The Impeachment Vote

By voting last Friday not to convict the President—only the second time in American history such a trial has been conducted—the Senate brought the curtain down on a long and agonizing impeachment saga. But there are lessons to be learned. First, let's be honest: The rule of law has taken a hit. Many senators followed the lead of the much respected Democrat Sen. Robert Byrd, who said that Clinton was guilty—that this was an impeachable offense but that he would not vote to remove him. Senators simply looked the other way—or perhaps more correctly, looked at the polls reflecting two-thirds of Americans not wanting Clinton removed. So what do we now say to young people and what do I say in particular to prisoners? The chief cause of bitterness in prisons is sentence disparity, and there are many inmates who are sitting in cells today convicted of perjury who are wondering if what is etched over the entrance of the Supreme Court, "Equal justice under the law," is really true. Well, the only answer is that impeachment is uniquely of all criminal actions a political decision. We need to teach kids—and I will try to teach prisoners—that this case simply has no precedent—and it's no excuse for others to flout the law. We must not let it breed cynicism. The impeachment outcome also provides a wake up call. Religious conservatives flexed their political muscles after the 1994 revolution. But triumphalism among Christians can make us arrogant and delude us into believing that we can win the culture politically. Well, the 1996 elections, and now, the Senate's verdict, have humbled us. This is healthy if it teaches us that politics is nothing but an expression of culture. It is not enough to win elections, for political power alone can not change how people live or change their values. It is essential to change hearts and minds as well. And that starts, not in Washington, but with our neighbors. Finally, the healing process must begin. There are reports all over this city from Democrats who have been with Clinton in recent days who describe him as angry and vengeful toward his opponents. There are stories in print that he and his supporters will be out to defeat the House managers in the next election. Following the vote, the president repeated—and graciously so—a statement of repentance acknowledging he was responsible. But seeking revenge, if these accounts are accurate, is not a sign of a repentant attitude. The president needs to take responsibility for what has happened. The whole sorry episode, after all, began, not because of some vast right-wing conspiracy, as Mrs. Clinton charged, but because the president himself engaged in an illicit relationship with a White House intern, and then baldly lied to the American people. Remember, the polls which show the people do not want him removed also show 80 percent believe him guilty. What we all need right now—the president, his adversaries, and the people—is to put aside our personal feelings and do our best to reconcile a divided nation. And for all of us who are Christians, regardless of how we view this process, let us remind ourselves that we serve a God who rules over the affairs of men—whether they know it or not.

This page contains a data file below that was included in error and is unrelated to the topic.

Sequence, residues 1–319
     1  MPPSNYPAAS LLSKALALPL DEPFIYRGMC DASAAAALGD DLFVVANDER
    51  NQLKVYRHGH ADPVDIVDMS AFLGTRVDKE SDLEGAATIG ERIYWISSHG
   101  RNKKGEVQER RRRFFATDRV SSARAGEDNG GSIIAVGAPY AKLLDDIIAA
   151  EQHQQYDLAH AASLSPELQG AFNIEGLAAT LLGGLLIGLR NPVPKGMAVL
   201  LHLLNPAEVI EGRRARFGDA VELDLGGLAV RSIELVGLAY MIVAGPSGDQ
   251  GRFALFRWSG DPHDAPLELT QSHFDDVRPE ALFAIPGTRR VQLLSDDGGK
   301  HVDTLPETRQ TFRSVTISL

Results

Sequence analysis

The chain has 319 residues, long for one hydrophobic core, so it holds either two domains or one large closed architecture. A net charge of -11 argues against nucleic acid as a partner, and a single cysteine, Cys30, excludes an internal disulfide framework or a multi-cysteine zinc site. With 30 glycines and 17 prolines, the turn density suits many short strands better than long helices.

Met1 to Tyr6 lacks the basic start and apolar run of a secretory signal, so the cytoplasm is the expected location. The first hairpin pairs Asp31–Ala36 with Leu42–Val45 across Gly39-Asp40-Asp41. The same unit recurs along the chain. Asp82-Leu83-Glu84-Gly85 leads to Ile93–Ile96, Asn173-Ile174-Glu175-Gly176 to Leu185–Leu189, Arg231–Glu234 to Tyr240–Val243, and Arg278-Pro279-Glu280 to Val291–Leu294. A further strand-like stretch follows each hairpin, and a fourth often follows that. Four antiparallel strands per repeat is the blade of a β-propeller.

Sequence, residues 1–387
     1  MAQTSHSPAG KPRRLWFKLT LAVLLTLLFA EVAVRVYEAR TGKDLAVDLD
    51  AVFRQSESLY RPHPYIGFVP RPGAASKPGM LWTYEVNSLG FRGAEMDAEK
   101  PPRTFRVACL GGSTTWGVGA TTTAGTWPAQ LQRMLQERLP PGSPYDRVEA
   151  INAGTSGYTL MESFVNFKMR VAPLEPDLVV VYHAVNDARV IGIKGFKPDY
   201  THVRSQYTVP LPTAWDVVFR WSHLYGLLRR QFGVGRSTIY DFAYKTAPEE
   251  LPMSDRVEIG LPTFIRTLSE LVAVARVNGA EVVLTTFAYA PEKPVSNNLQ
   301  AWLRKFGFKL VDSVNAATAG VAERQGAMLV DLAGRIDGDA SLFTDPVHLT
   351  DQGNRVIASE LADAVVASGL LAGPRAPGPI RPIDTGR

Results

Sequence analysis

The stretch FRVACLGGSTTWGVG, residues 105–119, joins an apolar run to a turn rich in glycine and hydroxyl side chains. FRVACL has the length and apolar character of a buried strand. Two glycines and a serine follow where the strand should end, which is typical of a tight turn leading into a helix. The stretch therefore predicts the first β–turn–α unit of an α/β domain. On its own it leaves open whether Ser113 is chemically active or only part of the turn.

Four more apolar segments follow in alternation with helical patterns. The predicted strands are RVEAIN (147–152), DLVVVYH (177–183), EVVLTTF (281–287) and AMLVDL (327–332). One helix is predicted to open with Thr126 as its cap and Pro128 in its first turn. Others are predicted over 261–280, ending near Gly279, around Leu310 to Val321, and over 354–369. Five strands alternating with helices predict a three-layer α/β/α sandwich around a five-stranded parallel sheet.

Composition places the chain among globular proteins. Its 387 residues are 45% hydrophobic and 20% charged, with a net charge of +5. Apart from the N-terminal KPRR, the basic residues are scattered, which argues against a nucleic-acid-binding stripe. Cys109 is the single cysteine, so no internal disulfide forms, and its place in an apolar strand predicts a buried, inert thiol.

Chuck Colson



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